Last week I attended at event at the Philosophy Department of my university entitled “Minorities and Philosophy” (MAPS). Within the first thirty seconds, it was announced that whites (or was it only white males?) were officially discouraged from participating in the discussion. For future MAPS events, it was added, whites would be officially disinvited from attending. This was, it was explained, all in the name of “inclusivity”.
Needless to say, I was incensed.
As you may have inferred, the woman who made her anti-white proclamation was NOT white. She was one of those caramel-colored, sorta-black women who profits immensely from the war on racism and could probably make a fortune off of being in TV commercials and the like.
However, now that I think about it, people like her are probably used to having their anti-white movements coopted by – drumroll – white people. Her express disinvitation of whites was probably a reaction against all these blonde idiots exploiting their movement.
This in mind, I’m a lot more sympathetic.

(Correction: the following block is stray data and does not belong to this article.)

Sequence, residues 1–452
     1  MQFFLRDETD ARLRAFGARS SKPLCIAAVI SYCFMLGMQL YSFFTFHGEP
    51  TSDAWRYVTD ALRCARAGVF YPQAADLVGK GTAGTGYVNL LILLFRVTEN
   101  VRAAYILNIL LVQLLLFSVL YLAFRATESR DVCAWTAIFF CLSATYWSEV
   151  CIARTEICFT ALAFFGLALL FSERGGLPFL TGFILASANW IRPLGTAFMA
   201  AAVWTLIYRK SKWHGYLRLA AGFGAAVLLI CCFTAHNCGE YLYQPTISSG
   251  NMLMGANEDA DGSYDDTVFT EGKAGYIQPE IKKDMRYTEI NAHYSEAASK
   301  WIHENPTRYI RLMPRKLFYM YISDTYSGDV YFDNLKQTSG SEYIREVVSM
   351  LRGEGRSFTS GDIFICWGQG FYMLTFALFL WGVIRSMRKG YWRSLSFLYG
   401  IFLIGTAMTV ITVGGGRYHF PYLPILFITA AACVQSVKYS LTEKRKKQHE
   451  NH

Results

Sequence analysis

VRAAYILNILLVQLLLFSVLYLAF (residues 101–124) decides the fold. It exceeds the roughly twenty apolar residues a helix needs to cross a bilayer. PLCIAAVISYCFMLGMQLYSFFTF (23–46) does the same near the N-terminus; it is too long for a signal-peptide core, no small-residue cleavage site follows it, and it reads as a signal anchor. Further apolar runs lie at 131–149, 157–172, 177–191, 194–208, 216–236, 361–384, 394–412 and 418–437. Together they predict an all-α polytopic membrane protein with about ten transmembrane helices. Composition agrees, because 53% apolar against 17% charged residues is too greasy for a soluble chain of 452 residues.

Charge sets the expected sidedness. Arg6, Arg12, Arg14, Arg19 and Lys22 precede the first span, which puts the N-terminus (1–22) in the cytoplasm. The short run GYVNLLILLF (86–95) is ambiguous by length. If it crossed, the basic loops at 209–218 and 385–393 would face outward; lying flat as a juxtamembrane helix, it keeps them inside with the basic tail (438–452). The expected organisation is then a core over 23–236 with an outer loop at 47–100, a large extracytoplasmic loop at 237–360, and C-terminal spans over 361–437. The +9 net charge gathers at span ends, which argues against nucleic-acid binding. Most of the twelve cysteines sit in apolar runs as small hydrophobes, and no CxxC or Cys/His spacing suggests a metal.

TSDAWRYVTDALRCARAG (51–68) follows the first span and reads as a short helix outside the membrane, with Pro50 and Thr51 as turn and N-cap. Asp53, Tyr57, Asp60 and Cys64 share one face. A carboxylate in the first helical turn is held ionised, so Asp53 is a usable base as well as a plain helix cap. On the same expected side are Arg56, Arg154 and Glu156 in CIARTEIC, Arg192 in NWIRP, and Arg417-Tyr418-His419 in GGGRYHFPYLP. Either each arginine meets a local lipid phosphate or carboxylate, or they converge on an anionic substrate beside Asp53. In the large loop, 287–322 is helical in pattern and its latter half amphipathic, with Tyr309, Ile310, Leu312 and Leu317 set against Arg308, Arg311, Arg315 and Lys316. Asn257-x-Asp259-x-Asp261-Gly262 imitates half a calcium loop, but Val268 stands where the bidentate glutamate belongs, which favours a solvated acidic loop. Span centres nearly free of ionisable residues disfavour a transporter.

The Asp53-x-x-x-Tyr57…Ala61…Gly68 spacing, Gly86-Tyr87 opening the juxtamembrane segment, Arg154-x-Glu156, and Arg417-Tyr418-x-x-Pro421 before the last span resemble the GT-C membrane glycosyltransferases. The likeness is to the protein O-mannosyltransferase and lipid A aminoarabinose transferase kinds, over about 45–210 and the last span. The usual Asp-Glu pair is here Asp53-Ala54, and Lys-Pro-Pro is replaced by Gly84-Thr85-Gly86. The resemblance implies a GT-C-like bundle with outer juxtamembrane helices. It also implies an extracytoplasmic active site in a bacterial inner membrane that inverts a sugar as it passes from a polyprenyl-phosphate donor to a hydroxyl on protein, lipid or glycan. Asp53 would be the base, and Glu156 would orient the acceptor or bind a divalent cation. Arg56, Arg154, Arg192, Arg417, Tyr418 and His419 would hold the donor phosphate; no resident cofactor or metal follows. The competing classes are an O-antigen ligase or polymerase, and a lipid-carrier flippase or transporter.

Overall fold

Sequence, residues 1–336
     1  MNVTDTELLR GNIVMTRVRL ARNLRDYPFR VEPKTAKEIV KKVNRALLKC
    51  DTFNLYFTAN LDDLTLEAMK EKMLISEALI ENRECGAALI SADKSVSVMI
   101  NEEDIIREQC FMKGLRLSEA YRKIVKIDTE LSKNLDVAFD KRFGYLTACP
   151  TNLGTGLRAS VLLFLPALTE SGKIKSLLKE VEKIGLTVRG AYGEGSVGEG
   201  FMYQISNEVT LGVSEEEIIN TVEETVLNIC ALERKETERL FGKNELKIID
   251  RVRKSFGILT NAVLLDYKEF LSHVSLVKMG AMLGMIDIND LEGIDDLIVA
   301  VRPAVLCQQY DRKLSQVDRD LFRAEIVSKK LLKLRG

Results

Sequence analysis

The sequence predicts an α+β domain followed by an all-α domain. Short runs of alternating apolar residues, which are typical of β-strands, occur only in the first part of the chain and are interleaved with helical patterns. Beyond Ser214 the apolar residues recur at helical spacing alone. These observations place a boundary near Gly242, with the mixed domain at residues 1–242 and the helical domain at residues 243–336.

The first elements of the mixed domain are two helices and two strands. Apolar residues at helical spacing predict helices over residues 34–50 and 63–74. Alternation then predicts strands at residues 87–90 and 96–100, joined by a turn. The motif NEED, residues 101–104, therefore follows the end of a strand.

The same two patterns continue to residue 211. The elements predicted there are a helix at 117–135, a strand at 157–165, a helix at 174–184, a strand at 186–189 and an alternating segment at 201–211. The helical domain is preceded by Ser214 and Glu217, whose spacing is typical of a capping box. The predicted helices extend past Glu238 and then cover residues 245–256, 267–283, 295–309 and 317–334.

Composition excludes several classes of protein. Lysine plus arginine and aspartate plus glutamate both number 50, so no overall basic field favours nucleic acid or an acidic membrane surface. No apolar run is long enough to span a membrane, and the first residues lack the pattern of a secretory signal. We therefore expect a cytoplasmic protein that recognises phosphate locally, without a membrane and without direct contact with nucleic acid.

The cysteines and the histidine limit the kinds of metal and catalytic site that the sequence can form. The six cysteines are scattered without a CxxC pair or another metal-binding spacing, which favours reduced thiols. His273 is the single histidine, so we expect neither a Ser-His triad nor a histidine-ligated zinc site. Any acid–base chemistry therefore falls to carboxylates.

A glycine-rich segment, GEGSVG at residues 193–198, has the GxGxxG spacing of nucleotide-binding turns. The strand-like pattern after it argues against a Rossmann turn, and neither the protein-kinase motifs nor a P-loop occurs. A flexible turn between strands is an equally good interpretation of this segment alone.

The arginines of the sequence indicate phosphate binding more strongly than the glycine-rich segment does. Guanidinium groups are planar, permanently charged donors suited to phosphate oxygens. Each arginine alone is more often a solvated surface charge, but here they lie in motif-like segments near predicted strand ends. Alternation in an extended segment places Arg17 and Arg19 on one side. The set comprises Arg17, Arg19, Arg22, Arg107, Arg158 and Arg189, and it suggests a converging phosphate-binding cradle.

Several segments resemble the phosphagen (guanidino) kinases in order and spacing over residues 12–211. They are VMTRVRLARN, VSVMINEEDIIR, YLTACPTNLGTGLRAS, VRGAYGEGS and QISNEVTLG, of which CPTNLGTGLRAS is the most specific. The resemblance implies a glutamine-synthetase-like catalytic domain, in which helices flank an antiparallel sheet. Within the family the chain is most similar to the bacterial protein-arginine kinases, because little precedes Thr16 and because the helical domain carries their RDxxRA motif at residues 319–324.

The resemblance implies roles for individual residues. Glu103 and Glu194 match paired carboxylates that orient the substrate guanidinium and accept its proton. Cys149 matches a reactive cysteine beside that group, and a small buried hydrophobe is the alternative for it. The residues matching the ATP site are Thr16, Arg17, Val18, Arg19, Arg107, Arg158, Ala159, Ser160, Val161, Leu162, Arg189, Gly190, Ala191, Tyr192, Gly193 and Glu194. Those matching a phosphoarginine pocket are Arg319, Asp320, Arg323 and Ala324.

When I walked around offering people “a flower from a racist”, it was always the career-obsessed, virtue-signaling whites who were the most terrified of interacting with me on a human-to-human level. Blacks and other non-whites, on the other hand, were the most curious and open-minded.
The question in my mind is whether these whites are afraid of getting unwanted attention, or whether they actually feel guilty for their ancestors’ putative crimes against humanity. If it’s the former, then they are deeply selfish. If it’s the latter, then they probably do have some inherited privilege; if it’s the latter, then this reminds me of why I feel that whites should be allowed to opt out of all efforts to “undo legacies of discrimination”.
Either way, I find these antiracist whites insufferable.
The deeper problem is that these white antiracists are the intellectual – if not literal – descendants of the white colonists who were so eager to bring civilization to non-white savages during the age of exploration.
To help others is to make them dependent; to make them dependent is to lord over them.